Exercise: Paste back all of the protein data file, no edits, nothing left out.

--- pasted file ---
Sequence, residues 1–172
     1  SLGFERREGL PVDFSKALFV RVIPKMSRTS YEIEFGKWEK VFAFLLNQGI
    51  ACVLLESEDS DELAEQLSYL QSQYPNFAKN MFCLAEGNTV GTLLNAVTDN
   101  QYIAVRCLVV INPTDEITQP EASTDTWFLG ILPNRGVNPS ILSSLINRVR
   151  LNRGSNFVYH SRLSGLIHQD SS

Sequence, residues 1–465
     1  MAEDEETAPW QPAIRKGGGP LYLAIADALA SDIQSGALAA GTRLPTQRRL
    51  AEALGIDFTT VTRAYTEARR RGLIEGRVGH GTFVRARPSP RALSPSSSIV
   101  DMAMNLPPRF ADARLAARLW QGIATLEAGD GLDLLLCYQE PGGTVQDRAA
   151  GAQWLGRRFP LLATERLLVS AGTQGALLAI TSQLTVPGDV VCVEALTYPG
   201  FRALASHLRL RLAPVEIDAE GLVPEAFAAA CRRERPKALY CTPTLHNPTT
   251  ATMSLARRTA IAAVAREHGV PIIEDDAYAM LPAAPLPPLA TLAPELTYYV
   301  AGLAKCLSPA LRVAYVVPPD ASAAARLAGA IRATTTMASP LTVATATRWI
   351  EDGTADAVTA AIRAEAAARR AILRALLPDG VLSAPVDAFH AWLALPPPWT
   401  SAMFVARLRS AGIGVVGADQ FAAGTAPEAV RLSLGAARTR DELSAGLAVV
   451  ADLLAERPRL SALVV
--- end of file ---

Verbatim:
Sequence, residues 1–172
     1  SLGFERREGL PVDFSKALFV RVIPKMSRTS YEIEFGKWEK VFAFLLNQGI
    51  ACVLLESEDS DELAEQLSYL QSQYPNFAKN MFCLAEGNTV GTLLNAVTDN
   101  QYIAVRCLVV INPTDEITQP EASTDTWFLG ILPNRGVNPS ILSSLINRVR
   151  LNRGSNFVYH SRLSGLIHQD SS

Sequence, residues 1–465
     1  MAEDEETAPW QPAIRKGGGP LYLAIADALA SDIQSGALAA GTRLPTQRRL
    51  AEALGIDFTT VTRAYTEARR RGLIEGRVGH GTFVRARPSP RALSPSSSIV
   101  DMAMNLPPRF ADARLAARLW QGIATLEAGD GLDLLLCYQE PGGTVQDRAA
   151  GAQWLGRRFP LLATERLLVS AGTQGALLAI TSQLTVPGDV VCVEALTYPG
   201  FRALASHLRL RLAPVEIDAE GLVPEAFAAA CRRERPKALY CTPTLHNPTT
   251  ATMSLARRTA IAAVAREHGV PIIEDDAYAM LPAAPLPPLA TLAPELTYYV
   301  AGLAKCLSPA LRVAYVVPPD ASAAARLAGA IRATTTMASP LTVATATRWI
   351  EDGTADAVTA AIRAEAAARR AILRALLPDG VLSAPVDAFH AWLALPPPWT
   401  SAMFVARLRS AGIGVVGADQ FAAGTAPEAV RLSLGAARTR DELSAGLAVV
   451  ADLLAERPRL SALVV